The leakage brigade and the clairvoyant tendency joined forces this weekend to scoop WPP Group’s latest vital statistics.

It seems the globe’s largest agency holding company will today (Monday) announce a pre-tax full year profit for 2002 of £395 million ($624.07m; €580.99m) on revenues of £3.9 billion. If correct, this equates to earnings-per share of £0.242 compared with £0.306 in 2001 – a decline of 20.9%.

And for rewrite fans, here is an entrail-raker’s creative interpretation of what is largely common knowledge.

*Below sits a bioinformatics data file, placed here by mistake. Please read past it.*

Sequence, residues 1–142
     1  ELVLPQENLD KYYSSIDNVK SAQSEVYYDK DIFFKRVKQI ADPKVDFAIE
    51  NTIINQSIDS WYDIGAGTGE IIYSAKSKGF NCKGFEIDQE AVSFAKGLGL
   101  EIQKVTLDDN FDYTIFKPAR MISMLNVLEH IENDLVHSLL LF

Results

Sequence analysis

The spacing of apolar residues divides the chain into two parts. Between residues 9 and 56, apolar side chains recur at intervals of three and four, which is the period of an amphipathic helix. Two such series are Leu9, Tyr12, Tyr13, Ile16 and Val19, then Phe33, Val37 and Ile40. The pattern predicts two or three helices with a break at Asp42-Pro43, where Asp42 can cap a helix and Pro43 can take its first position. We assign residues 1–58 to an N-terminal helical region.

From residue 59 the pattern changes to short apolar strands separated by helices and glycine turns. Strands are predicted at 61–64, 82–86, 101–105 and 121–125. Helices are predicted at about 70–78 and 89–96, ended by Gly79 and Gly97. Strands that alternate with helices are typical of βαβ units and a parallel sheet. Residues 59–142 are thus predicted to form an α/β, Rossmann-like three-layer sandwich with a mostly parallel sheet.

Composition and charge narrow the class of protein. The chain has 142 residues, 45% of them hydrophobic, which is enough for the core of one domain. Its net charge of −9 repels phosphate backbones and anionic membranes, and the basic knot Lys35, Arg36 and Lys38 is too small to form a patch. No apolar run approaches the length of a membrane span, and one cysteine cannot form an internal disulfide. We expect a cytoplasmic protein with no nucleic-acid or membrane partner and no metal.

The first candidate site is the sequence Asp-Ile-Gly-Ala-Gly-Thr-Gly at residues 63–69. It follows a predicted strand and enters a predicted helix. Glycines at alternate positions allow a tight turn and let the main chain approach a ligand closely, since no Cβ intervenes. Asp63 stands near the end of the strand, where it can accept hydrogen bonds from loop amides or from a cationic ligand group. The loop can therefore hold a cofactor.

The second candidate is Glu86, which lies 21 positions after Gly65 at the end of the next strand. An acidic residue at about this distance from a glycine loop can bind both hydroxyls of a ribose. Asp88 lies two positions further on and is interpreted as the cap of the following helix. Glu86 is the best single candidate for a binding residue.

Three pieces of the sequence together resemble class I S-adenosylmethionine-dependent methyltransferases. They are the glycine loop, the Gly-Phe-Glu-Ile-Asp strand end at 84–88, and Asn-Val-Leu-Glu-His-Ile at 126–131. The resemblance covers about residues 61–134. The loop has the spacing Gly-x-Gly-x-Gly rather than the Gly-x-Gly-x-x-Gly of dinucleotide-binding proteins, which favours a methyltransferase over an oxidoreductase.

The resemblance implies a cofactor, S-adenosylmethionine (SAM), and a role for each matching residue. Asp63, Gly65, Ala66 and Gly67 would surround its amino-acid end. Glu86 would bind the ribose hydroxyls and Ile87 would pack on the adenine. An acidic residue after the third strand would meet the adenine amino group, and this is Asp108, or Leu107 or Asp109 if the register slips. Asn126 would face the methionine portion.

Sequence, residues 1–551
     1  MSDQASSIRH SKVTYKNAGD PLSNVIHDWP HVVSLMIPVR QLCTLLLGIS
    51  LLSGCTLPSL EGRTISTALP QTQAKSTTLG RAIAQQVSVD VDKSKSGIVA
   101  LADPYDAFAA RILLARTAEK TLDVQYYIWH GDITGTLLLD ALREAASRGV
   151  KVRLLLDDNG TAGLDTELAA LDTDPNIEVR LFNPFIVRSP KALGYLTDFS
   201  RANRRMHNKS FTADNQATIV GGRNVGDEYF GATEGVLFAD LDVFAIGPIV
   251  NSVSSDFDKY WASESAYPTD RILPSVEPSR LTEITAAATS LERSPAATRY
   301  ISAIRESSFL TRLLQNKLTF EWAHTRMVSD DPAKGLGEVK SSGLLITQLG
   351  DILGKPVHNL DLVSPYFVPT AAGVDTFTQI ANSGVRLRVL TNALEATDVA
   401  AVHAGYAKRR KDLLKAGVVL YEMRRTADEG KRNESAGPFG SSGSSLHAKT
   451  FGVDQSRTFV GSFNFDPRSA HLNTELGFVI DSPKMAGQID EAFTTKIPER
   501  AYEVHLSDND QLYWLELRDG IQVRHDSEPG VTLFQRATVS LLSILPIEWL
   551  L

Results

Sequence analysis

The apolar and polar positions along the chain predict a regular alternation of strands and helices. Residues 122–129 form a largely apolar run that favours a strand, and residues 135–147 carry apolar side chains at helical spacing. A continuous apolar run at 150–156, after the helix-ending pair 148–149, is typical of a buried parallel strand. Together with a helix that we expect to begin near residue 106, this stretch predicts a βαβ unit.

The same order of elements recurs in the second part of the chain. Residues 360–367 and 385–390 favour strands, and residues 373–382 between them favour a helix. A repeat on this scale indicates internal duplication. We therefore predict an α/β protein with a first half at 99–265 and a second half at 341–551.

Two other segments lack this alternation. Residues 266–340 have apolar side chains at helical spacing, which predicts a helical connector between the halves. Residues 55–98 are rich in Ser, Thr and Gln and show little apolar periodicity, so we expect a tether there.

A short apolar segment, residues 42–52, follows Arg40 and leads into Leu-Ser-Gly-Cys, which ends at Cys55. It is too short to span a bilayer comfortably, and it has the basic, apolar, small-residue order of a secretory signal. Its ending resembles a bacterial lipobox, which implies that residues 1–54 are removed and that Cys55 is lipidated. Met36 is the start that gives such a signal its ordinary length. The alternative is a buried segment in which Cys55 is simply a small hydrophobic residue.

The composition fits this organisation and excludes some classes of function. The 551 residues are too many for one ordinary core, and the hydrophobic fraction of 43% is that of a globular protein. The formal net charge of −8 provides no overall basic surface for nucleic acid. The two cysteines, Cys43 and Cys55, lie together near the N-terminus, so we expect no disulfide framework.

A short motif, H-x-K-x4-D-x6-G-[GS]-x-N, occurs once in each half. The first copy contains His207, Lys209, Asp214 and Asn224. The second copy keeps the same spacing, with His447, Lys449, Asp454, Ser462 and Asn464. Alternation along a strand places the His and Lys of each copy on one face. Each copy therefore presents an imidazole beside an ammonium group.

In a research note issued Friday, WestLBPanmure analyst Jonathan Helliwell opined: “We expect the organic revenue declines to continue to ease in the fourth quarter, but remain negative.”

He then materialized some statistical ectoplasm. “While 0% to 2% top line still looks achievable,” he opined, “we expect the first quarter to have been slow, hit by advertiser hesitation ahead of events in the Middle East."

Which – excluding Helliwell’s predictive tolerance of +/- several zillion per cent – is pretty much what Sir Martin Sorrell has been telling the world over the last several weeks.

Data sourced from: BrandRepublic (UK); additional content by WARC staff